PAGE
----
I would say that the best way to judge what is appropriate is to look at how much relevant data must be present for an answerer to address your problem.
If you're looking at a problem, like, say, "I have one user [A] who has been consistently harassing another user [B] in the community, and [B] has asked me to intervene and get [A] to stop. It seems that the [B] actually wronged [A], though. How can I best come to a resolution for this?", that has all of its relevant data being largely independent of the system and community that it is born in.
Contrast, for example, if you were on some small time forum and you have a user who you've IP banned but they just use a proxy to keep coming back in and your community tires of this user. The mechanical fact of your access to IP bans (and let's go with "nothing more elaborate than a simple entry of an IP and no other banning tools") is then the relevant data. That is a mechanical system, and you can parallel that with questions that relate to how the system here at Stack Exchange works with or against your needs as a moderator.
Mechanics aren't the only division. You could also consider policy. For example, we have a basic policy for suspensions which denotes an increasing length of 7, then 30, then 365 days for repeat infractions. It is flexible and allows for the moderator to use shorter (or perhaps longer) durations as necessary to adapt to an individual (such as one who has been a long-time positive user). If you're trying to assess a problem wherein such a policy is the major impact to the kind of decision you want to make, that makes the policy relevant.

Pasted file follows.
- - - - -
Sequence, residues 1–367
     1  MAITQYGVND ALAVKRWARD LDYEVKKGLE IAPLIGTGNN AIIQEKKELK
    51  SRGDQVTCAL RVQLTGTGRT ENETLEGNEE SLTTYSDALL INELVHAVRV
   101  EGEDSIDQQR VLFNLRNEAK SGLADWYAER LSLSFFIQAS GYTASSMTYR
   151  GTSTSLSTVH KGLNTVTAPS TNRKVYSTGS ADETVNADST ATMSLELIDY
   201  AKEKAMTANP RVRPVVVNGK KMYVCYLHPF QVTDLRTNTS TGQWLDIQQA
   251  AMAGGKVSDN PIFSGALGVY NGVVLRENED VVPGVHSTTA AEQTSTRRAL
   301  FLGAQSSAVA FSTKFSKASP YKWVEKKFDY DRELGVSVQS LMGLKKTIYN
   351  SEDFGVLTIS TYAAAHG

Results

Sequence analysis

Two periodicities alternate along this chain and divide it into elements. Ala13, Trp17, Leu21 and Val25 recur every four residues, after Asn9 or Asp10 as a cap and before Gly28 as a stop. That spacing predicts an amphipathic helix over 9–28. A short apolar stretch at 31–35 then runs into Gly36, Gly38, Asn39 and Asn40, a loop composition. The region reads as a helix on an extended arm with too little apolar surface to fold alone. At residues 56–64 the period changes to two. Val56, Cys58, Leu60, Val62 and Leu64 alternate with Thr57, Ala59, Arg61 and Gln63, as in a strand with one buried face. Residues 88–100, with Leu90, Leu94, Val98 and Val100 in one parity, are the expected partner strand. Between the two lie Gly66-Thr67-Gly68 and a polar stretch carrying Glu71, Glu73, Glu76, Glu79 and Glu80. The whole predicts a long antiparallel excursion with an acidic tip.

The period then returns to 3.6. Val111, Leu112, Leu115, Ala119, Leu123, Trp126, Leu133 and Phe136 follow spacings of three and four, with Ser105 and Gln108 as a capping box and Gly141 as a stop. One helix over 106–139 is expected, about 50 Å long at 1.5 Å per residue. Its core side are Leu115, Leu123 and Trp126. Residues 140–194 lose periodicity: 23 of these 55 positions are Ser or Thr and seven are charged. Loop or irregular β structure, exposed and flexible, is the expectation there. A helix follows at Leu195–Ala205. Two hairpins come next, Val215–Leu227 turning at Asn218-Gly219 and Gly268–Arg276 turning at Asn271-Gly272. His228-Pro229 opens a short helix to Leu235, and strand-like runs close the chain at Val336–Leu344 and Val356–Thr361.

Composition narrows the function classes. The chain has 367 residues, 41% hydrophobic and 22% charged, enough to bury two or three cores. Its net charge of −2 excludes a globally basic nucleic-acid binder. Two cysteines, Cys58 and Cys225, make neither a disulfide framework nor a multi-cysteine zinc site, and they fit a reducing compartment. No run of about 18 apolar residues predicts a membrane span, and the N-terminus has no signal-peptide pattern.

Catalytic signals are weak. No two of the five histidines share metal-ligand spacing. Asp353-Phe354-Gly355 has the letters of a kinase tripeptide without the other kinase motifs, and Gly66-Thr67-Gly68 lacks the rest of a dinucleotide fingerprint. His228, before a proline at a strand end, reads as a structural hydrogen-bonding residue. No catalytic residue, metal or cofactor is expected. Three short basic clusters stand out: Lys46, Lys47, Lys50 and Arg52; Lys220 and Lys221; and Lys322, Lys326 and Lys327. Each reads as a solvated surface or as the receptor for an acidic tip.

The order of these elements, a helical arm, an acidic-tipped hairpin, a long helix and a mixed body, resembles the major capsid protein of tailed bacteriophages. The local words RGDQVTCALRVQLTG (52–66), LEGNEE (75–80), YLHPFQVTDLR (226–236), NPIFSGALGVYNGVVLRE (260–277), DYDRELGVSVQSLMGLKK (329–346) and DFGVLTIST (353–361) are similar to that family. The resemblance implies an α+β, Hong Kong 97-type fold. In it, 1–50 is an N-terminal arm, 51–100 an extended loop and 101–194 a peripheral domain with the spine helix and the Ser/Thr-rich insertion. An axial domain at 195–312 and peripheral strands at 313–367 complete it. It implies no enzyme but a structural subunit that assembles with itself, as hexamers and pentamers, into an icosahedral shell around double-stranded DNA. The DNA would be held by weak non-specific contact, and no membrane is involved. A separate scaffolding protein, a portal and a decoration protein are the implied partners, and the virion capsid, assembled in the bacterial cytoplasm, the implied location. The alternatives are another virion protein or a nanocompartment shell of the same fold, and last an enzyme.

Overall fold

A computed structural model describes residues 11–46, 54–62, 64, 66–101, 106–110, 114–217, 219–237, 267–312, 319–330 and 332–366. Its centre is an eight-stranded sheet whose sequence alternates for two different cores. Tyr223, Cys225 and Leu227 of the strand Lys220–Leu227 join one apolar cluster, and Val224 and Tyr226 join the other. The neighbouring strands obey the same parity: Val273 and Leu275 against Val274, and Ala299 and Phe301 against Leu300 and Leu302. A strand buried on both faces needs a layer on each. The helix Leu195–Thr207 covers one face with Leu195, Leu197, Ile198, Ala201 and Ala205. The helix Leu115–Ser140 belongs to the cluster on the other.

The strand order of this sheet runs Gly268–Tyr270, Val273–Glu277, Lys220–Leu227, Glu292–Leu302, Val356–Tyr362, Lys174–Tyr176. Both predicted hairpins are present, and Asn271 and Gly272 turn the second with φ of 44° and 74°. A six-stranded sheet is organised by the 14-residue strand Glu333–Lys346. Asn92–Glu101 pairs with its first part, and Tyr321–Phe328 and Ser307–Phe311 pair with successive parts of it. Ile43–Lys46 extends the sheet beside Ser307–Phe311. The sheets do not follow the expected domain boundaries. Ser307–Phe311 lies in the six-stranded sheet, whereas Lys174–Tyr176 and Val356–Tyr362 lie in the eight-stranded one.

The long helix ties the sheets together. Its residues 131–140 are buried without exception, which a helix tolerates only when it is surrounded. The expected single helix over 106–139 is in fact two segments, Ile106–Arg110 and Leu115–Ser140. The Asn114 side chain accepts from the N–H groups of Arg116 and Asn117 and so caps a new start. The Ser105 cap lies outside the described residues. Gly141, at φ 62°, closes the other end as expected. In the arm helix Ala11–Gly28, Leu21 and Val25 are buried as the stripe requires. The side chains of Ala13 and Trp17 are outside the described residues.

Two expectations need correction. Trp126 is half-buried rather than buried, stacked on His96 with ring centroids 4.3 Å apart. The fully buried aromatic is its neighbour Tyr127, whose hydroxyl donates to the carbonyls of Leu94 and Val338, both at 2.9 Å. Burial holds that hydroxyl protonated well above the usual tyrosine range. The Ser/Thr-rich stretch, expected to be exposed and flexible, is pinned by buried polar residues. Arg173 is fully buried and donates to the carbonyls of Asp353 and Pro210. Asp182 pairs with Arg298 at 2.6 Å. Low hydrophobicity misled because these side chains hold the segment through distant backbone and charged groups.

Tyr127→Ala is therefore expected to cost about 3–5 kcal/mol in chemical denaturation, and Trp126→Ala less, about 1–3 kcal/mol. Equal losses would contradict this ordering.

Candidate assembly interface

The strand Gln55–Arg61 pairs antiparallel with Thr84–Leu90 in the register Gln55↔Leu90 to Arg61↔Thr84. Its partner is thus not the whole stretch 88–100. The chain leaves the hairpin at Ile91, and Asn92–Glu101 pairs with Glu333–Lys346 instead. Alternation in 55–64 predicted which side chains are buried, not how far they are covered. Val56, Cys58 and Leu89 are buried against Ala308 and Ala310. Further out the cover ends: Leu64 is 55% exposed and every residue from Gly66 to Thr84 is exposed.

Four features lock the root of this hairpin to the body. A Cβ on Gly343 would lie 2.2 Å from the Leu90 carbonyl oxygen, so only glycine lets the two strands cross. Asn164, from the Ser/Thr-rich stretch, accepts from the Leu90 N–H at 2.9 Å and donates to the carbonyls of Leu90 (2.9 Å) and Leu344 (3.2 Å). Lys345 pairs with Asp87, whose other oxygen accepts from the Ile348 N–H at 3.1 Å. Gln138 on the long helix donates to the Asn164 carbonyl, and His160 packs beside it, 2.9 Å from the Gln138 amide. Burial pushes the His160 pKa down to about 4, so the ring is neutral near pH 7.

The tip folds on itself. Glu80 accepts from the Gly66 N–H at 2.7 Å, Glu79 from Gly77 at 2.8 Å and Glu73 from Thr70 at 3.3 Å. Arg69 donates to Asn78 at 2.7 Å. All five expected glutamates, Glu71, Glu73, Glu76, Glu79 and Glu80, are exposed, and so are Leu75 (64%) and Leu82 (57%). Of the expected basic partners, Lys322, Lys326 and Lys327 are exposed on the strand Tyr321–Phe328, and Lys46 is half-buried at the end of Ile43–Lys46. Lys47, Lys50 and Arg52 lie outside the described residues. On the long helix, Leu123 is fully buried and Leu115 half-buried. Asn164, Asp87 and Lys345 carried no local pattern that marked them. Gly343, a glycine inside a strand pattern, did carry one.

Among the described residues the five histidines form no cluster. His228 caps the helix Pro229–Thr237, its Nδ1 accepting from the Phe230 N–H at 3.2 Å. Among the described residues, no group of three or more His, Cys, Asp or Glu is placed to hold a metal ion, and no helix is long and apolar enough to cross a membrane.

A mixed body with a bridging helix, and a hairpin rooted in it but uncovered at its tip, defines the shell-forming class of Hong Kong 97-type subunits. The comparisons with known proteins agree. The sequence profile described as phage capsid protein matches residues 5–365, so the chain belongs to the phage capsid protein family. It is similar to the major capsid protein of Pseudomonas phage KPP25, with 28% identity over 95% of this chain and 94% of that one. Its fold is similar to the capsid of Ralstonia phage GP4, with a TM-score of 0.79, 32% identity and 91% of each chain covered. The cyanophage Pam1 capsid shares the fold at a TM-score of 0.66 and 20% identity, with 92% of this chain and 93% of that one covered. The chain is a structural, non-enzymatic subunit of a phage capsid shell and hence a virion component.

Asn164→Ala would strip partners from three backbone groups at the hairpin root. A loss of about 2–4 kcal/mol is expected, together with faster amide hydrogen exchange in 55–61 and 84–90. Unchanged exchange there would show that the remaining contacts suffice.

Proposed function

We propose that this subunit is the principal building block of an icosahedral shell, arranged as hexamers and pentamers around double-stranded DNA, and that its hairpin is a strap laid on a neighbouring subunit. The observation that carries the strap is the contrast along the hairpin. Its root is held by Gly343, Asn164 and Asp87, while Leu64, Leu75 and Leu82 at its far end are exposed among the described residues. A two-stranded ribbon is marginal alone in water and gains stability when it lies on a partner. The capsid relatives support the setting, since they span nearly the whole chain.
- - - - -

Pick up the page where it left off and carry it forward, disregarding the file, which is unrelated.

So now that we've got this sphere of "relevancy" determines, let's then figure what matters of relevancy make it appropriate or not on this site. I would venture to suggest the two following guidelines at base:
If the question or its relevancy crosses a topic that touches less on "Advice and solutions from moderators" and more on "Guidelines and rules for acting as a moderator on Stack Exchange", then it should not be asked here. Or in other words, don't cross into the turf of material that should be asked on our support site of Meta Stack Exchange or the associated child metas, or things which should be covered in material such as the Moderator Help Center or the Teacher's Lounge. Those places should be the number 1 place for a moderator who wants to know what's up with this place in specific to go. This site should not be confused for a top-level resource for dealing with moderation as Stack Exchange. For more info, this question should probably cover it clear enough on this one.
Think about whether or not the relevancies for your question mar the ability to be useful outside of Stack Exchange. For example, if I ask some actually really good question about dealing with a problem user who has been downvoting another user across the site, while the question as a whole requires the relevancy of downvotes, the idea of "A user who is using the system malignantly to be mean to another user with means outside of direct textual contact" is something that might be useful to others. That starts to tread in the good line of things. But if I were to ask something like "What kind of approach should I take to handling flags for my site?", that relevancy starts to be waaay too narrow to be a good question. It's not to say that any question must absolutely be helpful outside of Stack Exchange, just that it's a good measure of what will probably generate a helpful and useful question as a whole.